5. Gemma O’Connor (6)

A rock solid individual in every way, Gemma is a stalwart of camogie and a girl I had the pleasure of playing alongside at inter-county level for many years. Gemma has it all: skill, power, intelligence, stamina and sheer determination. She has managed to balance her tough job in the army with the demands expected of you at senior inter-county level. Gemma has achieved so much and will continue to play for as long as her body will allow it. She looks after herself so there’s still more to come.


4. Mary O’Connor (6)

Mary is a legend of the game and a credit to the game of camogie, not just in her decorated playing days but now also in her progressive role within the Camogie Association. Her unbelievable point scored off her weaker side in the 1997 final in full flight from 50 yards out is a talking point for those who mention her name. I knew her as the solid and dependable centre back and remember talking to her following her retirement where I asked her to reconsider her decision. She certainly had a major impact on me as a player growing up and she was someone I wanted to emulate on the camogie pitch. 


3. Fiona O’Driscoll (6)

I’ll never forget the 2002 All-Ireland final when Fiona was on absolute fire; I was there on the pitch alongside her. She was completely revved up and if she got her hand on another few balls they would have certainly had goals written all over them. She scored a hat-trick that day, and while she was always known as ‘the pocket rocket’ with an incredible first touch, she really shone brighter than ever on the field of play that day. Fiona was awesome, an accurate free taker with a low centre of gravity and a really driven individual. When I think of Cork camogie and its successes, I automatically think of her.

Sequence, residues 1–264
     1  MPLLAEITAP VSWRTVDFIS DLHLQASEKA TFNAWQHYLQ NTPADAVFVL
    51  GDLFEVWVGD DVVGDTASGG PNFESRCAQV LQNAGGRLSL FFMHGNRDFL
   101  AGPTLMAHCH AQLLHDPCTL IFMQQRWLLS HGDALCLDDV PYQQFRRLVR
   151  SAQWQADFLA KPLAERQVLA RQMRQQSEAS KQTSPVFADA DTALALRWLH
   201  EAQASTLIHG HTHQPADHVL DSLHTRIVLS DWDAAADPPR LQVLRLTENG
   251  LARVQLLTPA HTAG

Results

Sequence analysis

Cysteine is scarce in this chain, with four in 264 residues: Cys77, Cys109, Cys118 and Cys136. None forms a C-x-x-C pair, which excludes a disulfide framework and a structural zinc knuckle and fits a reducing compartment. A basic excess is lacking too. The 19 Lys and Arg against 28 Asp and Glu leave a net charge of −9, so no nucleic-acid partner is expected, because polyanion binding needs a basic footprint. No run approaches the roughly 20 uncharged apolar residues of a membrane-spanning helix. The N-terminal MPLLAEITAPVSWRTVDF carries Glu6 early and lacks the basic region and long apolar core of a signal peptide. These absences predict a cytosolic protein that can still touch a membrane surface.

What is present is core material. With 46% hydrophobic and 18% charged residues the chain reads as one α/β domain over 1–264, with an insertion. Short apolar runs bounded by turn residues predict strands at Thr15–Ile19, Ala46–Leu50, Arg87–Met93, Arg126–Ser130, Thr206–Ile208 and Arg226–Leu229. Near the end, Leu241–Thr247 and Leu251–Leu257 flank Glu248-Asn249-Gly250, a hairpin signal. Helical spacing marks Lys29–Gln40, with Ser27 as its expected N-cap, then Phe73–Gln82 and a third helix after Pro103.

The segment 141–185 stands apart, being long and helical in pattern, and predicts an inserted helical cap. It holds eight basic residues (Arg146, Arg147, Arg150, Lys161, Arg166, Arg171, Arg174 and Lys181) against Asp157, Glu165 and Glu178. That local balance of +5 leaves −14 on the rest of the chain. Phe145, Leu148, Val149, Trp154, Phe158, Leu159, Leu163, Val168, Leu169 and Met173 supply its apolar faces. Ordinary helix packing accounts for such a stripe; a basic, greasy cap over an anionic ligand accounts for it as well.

2. Kathleen Mills  (15)

I never saw her play but she had to get on this list. She was a name I had seen and heard many times before in camogie circles and I was taken aback when I researched all that she won with her county, Dublin. Kathleen Mills played from 1941 until 1961 and her collection of 15 medals outlines just how good she was. With a career in camogie spanning a 20-year period, she is regarded as one of the greatest players of all-time and no other player in camogie, hurling or football in an individual code has equalled this record. She has been compared to legends such as Christy Ring and Nicky Rackard – that highlights how gifted she really was. 


1. Angela Downey (12)

A twin whose sister Ann was also a great talent in the game, Angela Downey is a sportswoman who resonates with me most from my childhood days. Maybe it’s because she also played in the forward line like me and I recall watching her on TV re-runs when I started getting interested in the game. Angela’s inter-county career spanned over 25 years and she made her debut on the senior Kilkenny side at corner forward at just 13 years of age. While this would never happen now, it certainly did not happen too often in the past – that shows what a serious talent she was. She was lethal in the forward line and could easily put teams away in the first half. She is famous for her camogie prowess but many may remember her as the Kilkenny player who in 1989 lost her skirt while scoring a goal in the All-Ireland final! She was the complete package as a camogie player, displaying sheer skill and a fierce athletic ability. An icon of the game and an inspiration to future players.